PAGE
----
I, for one, am always pleased to see these interviews showing up on TCM.

Sunday, April 2, 2017

Raising Arizona is 30 years old

I was looking for a movie on my DVR that I hadn't blogged about before, and which is in print on DVD, to do a full-length post on. (And, I didn't feel like sitting down with any of the well over two-hour movies on the DVR.) I wound up picking Raising Arizona, and it just happens that the 30th anniversary of the release is coming up in a few weeks.

Nicolas Cage plays H.I. McDunnough, a career criminal, if you can call it a career since he's still so young. But he's been in and out and in and out of prison a bunch of times. Every time, he's booked into prison by booking officer Edwina, nicknamed "Ed" (Holly Hunter). Eventually, H.I. gets so enamored of Ed that he proposes marriage to her while being booked, pointing out that he actually paid for the ring. In prison, H.I. meets fellow repeat offenders, brothers Gale and Evelle Snopes (John Goodman and William Forsythe respectively).

After proposing marriage to Ed, H.I. decides that he's going to try to go straight, living in a starter house with Ed and getting a legitimate, if boring, job in a machine shop. Ed, for her part, wants to have a child, and the two go about tring to get Ed pregnant. But it turns out that she's barren, which causes all sorts of problems. Adoption isn't an option what with H.I.'s criminal past. Contrast them with Nathan Arizona and his wife. Nathan, a magnate in unfinished furniture, had been trying to start a family with a similar lack of success, but was able to get his wife on fertility drugs. This resulted in Mrs. Arizona giving birth... to quintuplets!

Ed reasons that, if there are people who have "too many" children like the Arizonas and others with "not enough" children, there's an obvious solution, which is to take one of the children from the family with too many and give it to the other family. Of course, what this means in practice is kidnapping, and Ed gets H.I. to kidnap one of the Arizona quints.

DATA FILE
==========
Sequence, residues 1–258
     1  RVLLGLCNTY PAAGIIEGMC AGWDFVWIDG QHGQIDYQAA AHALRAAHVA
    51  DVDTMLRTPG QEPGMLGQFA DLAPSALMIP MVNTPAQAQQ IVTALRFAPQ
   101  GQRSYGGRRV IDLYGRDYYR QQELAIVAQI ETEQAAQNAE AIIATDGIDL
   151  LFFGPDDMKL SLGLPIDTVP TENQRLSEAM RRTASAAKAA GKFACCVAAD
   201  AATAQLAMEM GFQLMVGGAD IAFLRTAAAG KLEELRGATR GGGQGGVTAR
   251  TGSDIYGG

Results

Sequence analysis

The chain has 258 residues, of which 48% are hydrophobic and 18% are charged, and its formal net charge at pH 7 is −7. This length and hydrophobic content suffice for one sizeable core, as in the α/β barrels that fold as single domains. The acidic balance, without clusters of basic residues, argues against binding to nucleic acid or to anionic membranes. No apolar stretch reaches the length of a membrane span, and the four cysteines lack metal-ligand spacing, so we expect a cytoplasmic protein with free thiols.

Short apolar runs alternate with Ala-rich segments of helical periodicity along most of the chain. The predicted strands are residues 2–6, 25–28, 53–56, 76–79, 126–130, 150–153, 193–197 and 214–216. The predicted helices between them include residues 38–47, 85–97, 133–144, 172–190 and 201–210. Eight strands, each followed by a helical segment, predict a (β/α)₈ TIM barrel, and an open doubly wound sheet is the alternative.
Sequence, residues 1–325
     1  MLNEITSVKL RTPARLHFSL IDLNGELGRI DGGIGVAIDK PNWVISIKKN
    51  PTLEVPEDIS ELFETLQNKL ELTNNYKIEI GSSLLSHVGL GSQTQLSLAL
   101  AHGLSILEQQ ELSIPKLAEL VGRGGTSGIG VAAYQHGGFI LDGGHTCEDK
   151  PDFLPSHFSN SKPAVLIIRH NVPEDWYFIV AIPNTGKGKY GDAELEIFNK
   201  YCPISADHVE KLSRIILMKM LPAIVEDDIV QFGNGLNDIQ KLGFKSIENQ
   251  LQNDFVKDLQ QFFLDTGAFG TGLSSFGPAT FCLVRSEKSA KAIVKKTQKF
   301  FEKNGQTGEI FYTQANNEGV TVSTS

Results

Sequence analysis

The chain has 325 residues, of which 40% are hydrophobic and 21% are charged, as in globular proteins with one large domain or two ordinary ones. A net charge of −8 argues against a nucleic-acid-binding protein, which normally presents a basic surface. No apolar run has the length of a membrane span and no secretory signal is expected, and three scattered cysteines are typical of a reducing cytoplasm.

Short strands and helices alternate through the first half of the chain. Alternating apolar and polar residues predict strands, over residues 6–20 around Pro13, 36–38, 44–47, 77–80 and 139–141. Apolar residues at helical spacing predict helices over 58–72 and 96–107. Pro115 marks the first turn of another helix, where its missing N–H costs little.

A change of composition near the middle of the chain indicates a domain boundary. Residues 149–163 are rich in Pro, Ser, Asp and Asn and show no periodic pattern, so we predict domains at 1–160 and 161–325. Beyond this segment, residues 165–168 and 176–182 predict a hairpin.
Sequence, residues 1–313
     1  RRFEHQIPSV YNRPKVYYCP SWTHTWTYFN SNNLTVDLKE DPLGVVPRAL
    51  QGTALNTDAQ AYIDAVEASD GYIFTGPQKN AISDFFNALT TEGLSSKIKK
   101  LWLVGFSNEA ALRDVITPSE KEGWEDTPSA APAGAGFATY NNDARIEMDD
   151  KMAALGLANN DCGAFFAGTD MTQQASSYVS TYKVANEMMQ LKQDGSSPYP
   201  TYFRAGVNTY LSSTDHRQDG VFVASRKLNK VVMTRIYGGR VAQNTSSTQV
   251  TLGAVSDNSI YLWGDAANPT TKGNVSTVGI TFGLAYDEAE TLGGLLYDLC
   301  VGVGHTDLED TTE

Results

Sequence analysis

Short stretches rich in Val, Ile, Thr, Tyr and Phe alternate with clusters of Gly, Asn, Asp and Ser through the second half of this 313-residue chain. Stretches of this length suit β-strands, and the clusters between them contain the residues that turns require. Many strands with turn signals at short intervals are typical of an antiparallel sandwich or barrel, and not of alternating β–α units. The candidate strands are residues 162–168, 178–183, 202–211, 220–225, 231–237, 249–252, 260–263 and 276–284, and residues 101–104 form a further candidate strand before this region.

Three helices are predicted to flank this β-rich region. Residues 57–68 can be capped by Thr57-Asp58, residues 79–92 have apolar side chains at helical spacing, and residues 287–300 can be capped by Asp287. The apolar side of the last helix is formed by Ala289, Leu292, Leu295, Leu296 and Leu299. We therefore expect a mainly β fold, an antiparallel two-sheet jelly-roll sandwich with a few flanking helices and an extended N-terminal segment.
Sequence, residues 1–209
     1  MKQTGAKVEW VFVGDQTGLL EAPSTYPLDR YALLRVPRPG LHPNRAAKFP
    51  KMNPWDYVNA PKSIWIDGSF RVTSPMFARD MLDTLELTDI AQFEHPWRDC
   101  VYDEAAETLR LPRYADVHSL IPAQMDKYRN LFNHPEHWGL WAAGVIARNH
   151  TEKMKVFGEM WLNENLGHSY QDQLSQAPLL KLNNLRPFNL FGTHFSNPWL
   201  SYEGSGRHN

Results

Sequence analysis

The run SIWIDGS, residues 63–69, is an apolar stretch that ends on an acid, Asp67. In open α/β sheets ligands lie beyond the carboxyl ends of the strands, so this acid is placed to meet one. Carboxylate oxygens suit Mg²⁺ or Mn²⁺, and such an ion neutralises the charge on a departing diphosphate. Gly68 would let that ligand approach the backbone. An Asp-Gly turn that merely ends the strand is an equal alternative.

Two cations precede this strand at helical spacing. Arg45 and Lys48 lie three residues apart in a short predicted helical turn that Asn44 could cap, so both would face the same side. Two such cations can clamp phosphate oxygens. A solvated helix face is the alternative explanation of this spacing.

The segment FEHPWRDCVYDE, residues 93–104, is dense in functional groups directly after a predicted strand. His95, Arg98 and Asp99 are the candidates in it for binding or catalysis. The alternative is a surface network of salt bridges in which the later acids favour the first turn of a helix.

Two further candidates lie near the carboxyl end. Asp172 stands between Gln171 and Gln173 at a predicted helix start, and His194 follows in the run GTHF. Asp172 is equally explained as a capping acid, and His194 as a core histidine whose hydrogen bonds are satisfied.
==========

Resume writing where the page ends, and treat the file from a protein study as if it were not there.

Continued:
It sets off a whole chain of problems. H.I. loses his job, meaning that he's forced to start robbing convenience stores again to get the things the baby needs. Another couple, who have been able to adopt chilren, want an infant and wouldn't mind taking the Arizona kid that H.I. and Ed kidnapped. Gale and Evelle break out of prison and show up at the McDunnoughs' front door unannounced one night. And then there's bounty hunter Leonard Smalls (Randall "Tex" Cobb), who knows how to find people and wants that $25,000 reward that Nathan put up for the safe return of his child.

This is all a premise for a wild farce. To be honest, however, I found large parts of the movie to be zany in an over-the-top way that personally didn't suit me. Everybody seems to do a pretty good job with their roles; I think it's more that the script requires them to be zany. Leonard, the bounty hunter, is also written as a really irritating character. So is the father in the family with the adoptive children, who takes to telling Polish jokes that just make you want to smack the guy. He's not funny at all.

This is one of the earliest movies from Joel and Ethan Coen, and I wonder if they were still learning their style while they were making this movie. Overall, it's a pretty good movie, but that are parts that will probably irritate some people. The Coens certainly seemed more polished by the time they made Fargo a decade later.

Saturday, April 1, 2017

I've never been a big fan of Sleeper

I see that Woody Allen's Sleeper is on tonight at 8:00 PM on TCM. I saw it once, well over a dozen years ago, and to be honest I've never had a desire to see it a second time.

Sleeper is well enough known that you probably all know the basic story already. Woody Allen plays Miles, a man who dies in the early 1970s and gets cryogenically frozen, in the hopes that scientists in the future will be able to solve his medical problems and bring him back to life. Two hundred years later, medicine has advanced to the point that this is possible, so Miles is brought back to life.

Of course, there's all sorts of culture shock, and that provides much of the humor for the first half to two-thirds of the movie. The historians get a warped view of 1970s America from Miles, while he's shocked to find that things like nutritional science have changed in the intervening 200 years. And then there are future things like the "Orgasmatron".

But the other half of the plot is where I found problems with the movie. The future world is a dictatorship, and Miles has to flee because the future would people want him for nefarious purposes of their own. Those fighting the dictatorship want him, as well, as he's the one person who really can take down the dictator, something having to do with the dictator's nose. When the plot moves to getting the dictator's nose, I found that th emovie really lost whatever steam it had built up. It's not as irritating as Annie Hall and the rest of the nebbish Woody Allen stereotype, but you can see the seeds of it.

But, of course, there are a lot of people who like Woody Allen movies and who will like Sleeper.

Friday, March 31, 2017